Margret Steffen, President, EPSU Standing Committee "Health and Social Services", ver.di, Germany, underlines: "The agreement on the ethical recruitment and retention of workers has given us tailwind to demand the regulation of the labour market in the area of home care and to develop appropriate measures to achieve this objective. We also could ensure that migration and good working conditions have become an important issue in the debate on the need for and lack of qualified workers in health care in Germany." EPSU's German member ver.di is supporting the DGB Project "Fair Mobility" (in German: “Faire Mobilität”) that provides in DE, EN, BG, PL and ROM that assists in the enforcement of fair wages and working conditions for migrant workers from Central and Eastern European (CEE) countries on the German labour market. In 2014, EPSU, in a joint statement with the German and Spanish health and social services trade unions ver.di, UGT and CC.OO, stressed their determination in the fight against rogue employers that take advantage of health workers. A recent example is how a Berlin-based care company exploited Spanish nurses and offered lower pay and conditions than those stipulated by the collective agreement. In 2016 ver.di co-issued a documentation on the experiences of 50 years of recruitment of nurses from South Korea (also see the documentation of a seminar organised last year in DE). In 2017, ver.di contributed to the elaboration of the policy statement "Brain Drain and International Recruitment of Health Workers" - available in DE and EN - by the "German Platform for Global Health". Ver.di is also lobbying and campaigning for decent working conditions and fair contractual arrangements for the as a rule female and often migrant workers from Central and Eastern Europe providing (basic) care and supporting services for frail elderly people or persons with a disability in private households, not least in the context of efforts to set up a regulatory and policy framework to prevent and overcome black labour for this group of workers providing important contirbutions for our societies. On 3 May 2016 the Board of the German Trade Union Confederation (DGB) endorsed these and other demands.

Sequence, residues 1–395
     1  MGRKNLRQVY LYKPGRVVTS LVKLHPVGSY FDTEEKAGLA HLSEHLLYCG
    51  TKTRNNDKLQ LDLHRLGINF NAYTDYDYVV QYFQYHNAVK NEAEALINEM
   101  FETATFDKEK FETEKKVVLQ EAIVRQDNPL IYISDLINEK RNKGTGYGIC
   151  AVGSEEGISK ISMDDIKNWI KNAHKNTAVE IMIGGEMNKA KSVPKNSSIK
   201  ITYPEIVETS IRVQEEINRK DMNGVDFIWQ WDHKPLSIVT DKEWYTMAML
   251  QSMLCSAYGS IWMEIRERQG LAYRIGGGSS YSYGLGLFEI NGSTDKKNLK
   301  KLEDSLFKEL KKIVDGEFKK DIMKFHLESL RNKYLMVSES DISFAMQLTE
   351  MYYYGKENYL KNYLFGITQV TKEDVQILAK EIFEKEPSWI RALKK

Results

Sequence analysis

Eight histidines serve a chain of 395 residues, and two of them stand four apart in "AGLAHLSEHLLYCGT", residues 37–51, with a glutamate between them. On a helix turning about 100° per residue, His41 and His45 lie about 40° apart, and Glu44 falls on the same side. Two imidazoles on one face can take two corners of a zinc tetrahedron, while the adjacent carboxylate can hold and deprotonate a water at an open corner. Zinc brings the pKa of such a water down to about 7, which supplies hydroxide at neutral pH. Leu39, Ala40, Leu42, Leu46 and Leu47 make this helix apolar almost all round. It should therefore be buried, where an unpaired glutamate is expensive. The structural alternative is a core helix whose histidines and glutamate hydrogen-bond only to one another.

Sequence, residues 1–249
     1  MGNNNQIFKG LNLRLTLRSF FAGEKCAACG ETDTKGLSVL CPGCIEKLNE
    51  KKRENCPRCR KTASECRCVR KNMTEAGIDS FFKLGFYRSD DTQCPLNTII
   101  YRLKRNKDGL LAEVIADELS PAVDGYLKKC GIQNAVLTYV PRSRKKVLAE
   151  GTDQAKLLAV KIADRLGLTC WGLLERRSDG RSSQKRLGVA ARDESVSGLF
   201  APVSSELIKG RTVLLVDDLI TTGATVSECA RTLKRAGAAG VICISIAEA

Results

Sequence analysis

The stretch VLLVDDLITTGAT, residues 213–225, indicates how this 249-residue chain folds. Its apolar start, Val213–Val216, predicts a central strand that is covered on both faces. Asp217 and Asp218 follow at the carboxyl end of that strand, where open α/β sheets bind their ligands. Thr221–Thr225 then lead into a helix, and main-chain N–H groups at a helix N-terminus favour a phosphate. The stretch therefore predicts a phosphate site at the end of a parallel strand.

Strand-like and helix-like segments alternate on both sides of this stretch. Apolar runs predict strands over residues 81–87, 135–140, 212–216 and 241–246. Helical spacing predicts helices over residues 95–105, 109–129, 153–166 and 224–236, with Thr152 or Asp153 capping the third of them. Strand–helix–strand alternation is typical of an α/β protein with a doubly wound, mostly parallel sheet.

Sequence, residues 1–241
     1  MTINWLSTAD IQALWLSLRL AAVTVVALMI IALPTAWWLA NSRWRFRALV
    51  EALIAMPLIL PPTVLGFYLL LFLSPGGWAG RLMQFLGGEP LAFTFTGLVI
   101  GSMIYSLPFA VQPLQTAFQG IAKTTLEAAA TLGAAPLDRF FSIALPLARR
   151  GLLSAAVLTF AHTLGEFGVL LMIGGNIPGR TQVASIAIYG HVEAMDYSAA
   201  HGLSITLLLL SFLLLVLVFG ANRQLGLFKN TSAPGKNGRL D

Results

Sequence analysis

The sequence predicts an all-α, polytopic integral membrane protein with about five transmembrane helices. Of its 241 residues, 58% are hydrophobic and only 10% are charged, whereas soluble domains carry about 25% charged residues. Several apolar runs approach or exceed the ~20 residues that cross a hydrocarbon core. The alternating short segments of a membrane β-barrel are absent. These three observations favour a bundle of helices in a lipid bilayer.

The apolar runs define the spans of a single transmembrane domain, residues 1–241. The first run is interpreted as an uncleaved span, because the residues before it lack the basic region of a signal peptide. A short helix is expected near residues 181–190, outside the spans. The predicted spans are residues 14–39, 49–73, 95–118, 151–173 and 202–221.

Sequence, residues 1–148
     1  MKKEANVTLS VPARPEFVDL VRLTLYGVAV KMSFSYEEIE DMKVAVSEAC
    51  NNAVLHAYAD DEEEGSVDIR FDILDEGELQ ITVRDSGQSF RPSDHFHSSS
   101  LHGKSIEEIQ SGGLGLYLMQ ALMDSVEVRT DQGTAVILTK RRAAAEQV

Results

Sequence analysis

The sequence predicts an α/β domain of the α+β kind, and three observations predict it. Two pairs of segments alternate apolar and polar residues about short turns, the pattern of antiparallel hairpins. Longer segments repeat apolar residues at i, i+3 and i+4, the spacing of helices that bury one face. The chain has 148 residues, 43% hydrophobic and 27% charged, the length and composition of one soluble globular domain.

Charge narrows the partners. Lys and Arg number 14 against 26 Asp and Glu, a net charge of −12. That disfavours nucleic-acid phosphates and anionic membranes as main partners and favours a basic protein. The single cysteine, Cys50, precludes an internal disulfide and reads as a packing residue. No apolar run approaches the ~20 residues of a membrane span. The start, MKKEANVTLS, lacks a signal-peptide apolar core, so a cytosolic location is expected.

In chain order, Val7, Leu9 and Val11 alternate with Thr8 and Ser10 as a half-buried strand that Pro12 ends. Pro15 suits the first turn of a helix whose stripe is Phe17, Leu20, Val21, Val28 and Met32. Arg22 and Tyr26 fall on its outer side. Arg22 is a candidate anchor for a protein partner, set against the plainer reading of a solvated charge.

HOSPEEM has also published an article on the event and the 10 year anniversary celebration.